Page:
How Carlos Lost His Leg to the Wheels of a Train


He lies in bed No. 1 of the trauma unit at Hospital Civil in the town of Arriaga in southern Mexico.

Four days before he was brought in, Carlos Roberto Diaz Osorto, 17, of Honduras had seen a man get both legs cut off by a freight train. But he pushed fear out of his mind. He was going to the United States to find work.

At a curve near Arriaga, where the trains brake, Carlos races alongside, asking himself, “Should I get on or not?” His cousins have grabbed on to the sixth car from the end. Carlos panics. Will he be left behind?

The train comes to a bridge. Carlos will not give up. He crosses the span, jumping from one railroad tie to another. His shoelaces are loose. His left shoe flies off. Then his right shoe.

He reaches for a ladder on a fuel tanker, but the car is moving too fast, and he lets go. He grabs a railing.

The tanker jerks hard. Carlos holds on, but he can feel air rushing beneath the car, sucking his legs in, close to the wheels.

His fingers uncurl. He tries to bounce his feet off the wheels and push away.

But as he lets go, the air pulls him in.

The wheels flatten his right foot, then slice through his left leg above the knee. He feels on fire.

“Help me! Help me! It hurts!” he screams.

He begins to pant, to sweat, to ask for water, not sure anyone can hear him. Unlike some who try to stand, Carlos can see that his limbs are a raw jumble of crimson sinew, bone and muscle.

Paramedics from the Mexican Red Cross find him lying by the tracks. He has lost nearly a third of his blood, but the hot rails have cauterized many of his arteries. The medics apply two tourniquets.

“Take away the pain,” he moans.

A doctor cuts his bones, then seals each artery and vein. He stretches skin over the openings and sutures them shut. Sometimes there are no drugs available to stave off infection, but Carlos is lucky. The Red Cross locates some penicillin.

Twelve days later, his parents arrive at his bedside and look at what is left of his legs. “I thank God he’s still alive,” says Maria Mercedes Diaz, 33, crying quietly and stroking her son’s hair.

At the rate of nearly one every other day, the Red Cross estimates, U.S.-bound Central American immigrants who ride freight trains lose arms, legs, hands or feet. The estimate, offered by Martin Edwin Rabanales Luttman, chief of training for the Red Cross ambulance corps in Tapachula, is for the Mexican state of Chiapas alone. It does not count those who die instantly when they are cut in half or decapitated.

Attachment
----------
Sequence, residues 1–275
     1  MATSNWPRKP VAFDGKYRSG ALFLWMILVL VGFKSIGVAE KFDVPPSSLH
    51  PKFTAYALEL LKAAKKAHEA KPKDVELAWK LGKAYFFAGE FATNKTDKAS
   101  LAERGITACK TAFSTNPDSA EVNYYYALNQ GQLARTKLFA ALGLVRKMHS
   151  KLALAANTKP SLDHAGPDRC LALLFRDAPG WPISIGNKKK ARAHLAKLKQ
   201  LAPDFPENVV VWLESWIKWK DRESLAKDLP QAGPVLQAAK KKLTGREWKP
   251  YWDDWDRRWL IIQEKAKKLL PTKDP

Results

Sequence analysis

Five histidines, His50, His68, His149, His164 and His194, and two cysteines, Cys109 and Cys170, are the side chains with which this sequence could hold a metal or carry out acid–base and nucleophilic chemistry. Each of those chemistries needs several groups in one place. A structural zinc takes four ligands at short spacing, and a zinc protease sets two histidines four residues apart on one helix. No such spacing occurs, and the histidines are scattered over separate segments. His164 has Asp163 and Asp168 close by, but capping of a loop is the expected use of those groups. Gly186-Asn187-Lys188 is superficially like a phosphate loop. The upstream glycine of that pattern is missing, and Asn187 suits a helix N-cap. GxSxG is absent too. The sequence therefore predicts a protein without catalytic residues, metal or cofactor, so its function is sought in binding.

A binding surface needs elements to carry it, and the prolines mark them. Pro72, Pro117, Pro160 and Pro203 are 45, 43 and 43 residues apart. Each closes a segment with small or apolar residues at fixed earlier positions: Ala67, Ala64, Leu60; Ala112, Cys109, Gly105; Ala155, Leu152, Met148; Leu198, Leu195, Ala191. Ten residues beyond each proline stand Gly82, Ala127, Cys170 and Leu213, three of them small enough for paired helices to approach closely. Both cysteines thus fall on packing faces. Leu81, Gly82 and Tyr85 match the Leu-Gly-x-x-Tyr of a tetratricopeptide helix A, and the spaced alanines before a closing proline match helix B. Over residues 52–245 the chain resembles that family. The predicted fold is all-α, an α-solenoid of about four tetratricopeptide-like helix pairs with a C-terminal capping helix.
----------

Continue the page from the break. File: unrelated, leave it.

They fall from the trains for a variety of reasons. Some fall asleep and roll off; others are thrown by the street gangs who control the train tops.

Because the migrants try to fool authorities and pass themselves off as Mexican, they carry no identification. If they die, their bodies are lowered, nameless, into common graves. In Tapachula, they end up down a hole in the cemetery with stillborn babies.

At Arriaga, in northern Chiapas, snapshots of the dead are placed in a black book on Police Chief Reyder Cruz Toledo’s desk. Some pictures are so new that he hasn’t pasted them in yet. One is of a woman with her head torn off. Another is of a 20-year-old man cut in half.

In most photos, the eyes are open.

The chief keeps the book handy, hoping someone will identify the bodies. No one, he says, ever comes to look.

Guillermina Galvez Lopez, 30, whose wooden hut fronts the rails in Chiapas near an immigrant checkpoint called La Arrocera, hears the train riders cry out. Once a month, on average, she says, a man or a boy will fall near her house and lose his arms or legs.

“Help me! Help me!” they beg.

Her husband applies tourniquets and races for help.

In the train yard at the Lecheria station in Mexico City, workers tell of a 7-year-old boy from Central America traveling alone.

He sprinted hard to catch a northbound freight. He grabbed on to the ladder of a hopper car, but he could not run fast enough. The train pulled him forward. He stumbled, hands first, under a car. One wheel sliced off his left arm above the elbow.

He writhed beside the tracks, his arm being tossed about under the cars.

The boy cried out: "¡Mama! ¡Mama!”

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